Perhaps of more interest from a Material Culture perspective is Holmes’ third monograph, which was also extensively illustrated, although he deprecated it as “a little work”. This examined the “influence of a trade upon the form of the hand, with lithotypes of the hands of the slaters, sailors, corkcutters, compositors, weavers and diamond-polishers”. Holmes declared these “of great practical interest to the scientific detective” but Holmes’ investigations need to placed in the context of the occultism and palmistry which would shortly bear fruit in William John Warner’s popular Cheiro’s Langiage of the Hand (1894) a quasi-Theosophical echo  (Warner claimed to have studied with Brahman palmists in India) of Charles Bell’s The Hand: Its Mechanism and Vital Endowments as Evincing Design (1833). Despite also being an Edinburgh surgeon Charles Bell was sadly only a remote relative of Joseph Bell who had taught Conan Doyle at Edinburgh and who is conventionally credited with providing the lineaments for Holmes’ character and method. From the viewpoint of intellectual history we might see Holmes work as indebted to the two Bells. But equally we might see it as prefiguring what we now know as techniques du corps. It is but a small leap from Holmes’ concern with the manner in which different kinds of work, reflecting cultural practice, come to remodel the body, to the work of later anthropologists. What for Bell was a singular and natural hand becomes for Holmes – in anticipation of Mauss and Leroi-Gourhan’s technogenesis – a concern with the nature of cultural influences “upon the form of the hand” as Holmes puts it. The concern in other works is with hands in the plural, in their social determination.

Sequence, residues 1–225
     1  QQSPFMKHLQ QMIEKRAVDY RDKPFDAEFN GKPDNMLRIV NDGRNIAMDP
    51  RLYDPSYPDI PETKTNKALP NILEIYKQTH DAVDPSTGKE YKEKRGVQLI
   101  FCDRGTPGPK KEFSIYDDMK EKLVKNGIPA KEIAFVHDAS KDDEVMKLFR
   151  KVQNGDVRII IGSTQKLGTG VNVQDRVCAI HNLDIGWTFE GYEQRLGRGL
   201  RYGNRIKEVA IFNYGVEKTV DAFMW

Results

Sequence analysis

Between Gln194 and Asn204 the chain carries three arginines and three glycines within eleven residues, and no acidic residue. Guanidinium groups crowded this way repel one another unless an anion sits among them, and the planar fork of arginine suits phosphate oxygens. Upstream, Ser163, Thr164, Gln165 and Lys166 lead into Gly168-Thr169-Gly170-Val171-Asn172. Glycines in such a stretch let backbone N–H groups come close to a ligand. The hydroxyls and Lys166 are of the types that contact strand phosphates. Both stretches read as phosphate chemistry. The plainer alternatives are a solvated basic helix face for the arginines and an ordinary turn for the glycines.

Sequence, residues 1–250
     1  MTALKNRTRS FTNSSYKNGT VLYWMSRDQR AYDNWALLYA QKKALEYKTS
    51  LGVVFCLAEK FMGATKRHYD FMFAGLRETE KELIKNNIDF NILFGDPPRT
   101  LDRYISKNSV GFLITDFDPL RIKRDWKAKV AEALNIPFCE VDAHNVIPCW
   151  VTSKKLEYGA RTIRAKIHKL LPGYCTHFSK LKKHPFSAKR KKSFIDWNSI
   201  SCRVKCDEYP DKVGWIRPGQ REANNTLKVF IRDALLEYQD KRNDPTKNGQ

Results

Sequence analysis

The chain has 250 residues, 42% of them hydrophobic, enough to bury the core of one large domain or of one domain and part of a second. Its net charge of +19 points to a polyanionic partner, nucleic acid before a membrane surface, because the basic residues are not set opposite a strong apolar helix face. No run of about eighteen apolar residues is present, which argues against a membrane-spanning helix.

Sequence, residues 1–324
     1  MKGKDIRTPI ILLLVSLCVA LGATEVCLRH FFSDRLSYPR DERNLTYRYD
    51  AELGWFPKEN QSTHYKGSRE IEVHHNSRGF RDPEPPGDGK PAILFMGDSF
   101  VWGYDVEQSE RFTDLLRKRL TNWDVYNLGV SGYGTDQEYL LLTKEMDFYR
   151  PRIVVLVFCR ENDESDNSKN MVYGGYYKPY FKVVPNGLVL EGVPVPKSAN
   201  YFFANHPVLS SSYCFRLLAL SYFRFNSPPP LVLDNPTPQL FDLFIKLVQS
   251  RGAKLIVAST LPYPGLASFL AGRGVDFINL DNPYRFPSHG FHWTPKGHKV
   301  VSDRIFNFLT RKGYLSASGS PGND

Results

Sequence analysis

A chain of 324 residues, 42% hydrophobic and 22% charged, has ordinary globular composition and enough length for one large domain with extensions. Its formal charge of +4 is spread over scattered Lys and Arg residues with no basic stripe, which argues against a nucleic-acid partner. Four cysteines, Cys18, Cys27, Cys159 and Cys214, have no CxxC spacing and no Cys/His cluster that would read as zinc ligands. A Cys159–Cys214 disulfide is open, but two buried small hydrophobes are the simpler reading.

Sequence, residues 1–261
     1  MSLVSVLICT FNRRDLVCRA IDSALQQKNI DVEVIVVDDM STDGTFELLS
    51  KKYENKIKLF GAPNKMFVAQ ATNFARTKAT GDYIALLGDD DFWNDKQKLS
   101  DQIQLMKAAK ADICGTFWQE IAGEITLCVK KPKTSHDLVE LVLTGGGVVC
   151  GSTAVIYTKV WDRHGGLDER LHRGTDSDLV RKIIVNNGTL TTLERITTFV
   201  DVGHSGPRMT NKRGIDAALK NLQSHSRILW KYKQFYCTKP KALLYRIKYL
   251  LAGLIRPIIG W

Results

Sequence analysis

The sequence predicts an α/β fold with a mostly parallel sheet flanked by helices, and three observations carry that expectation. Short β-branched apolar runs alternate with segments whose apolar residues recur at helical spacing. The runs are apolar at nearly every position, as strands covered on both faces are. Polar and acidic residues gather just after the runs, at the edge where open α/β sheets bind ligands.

In addition to this, Holmes is surely the pioneer of the social life of things and The Sign of Four again provides us with magnificent examples. Watson poses a decidedly anthropological question (worthy of Janet Hoskins) to Holmes: “I have heard you say that that it is difficult for a man to have any object in daily use without leaving the impress of his individuality upon it in such a way that a trained observer might read it”. Watson then proceeds to test Holmes with his own pocket watch. Holmes studies it, opens the back and examines it with a convex lens before returning it with a crestfallen look. Holmes then declares his investigation “unsatisfactory [but] not entirely barren” and announces that the watch belonged to Watson’s elder brother who inherited it from his father. This deduction was based on the observations that the initials “H.W.” inscribed on the watch suggested a link to Watson, the watch was fifty years old, jewelry usually descends to the eldest son.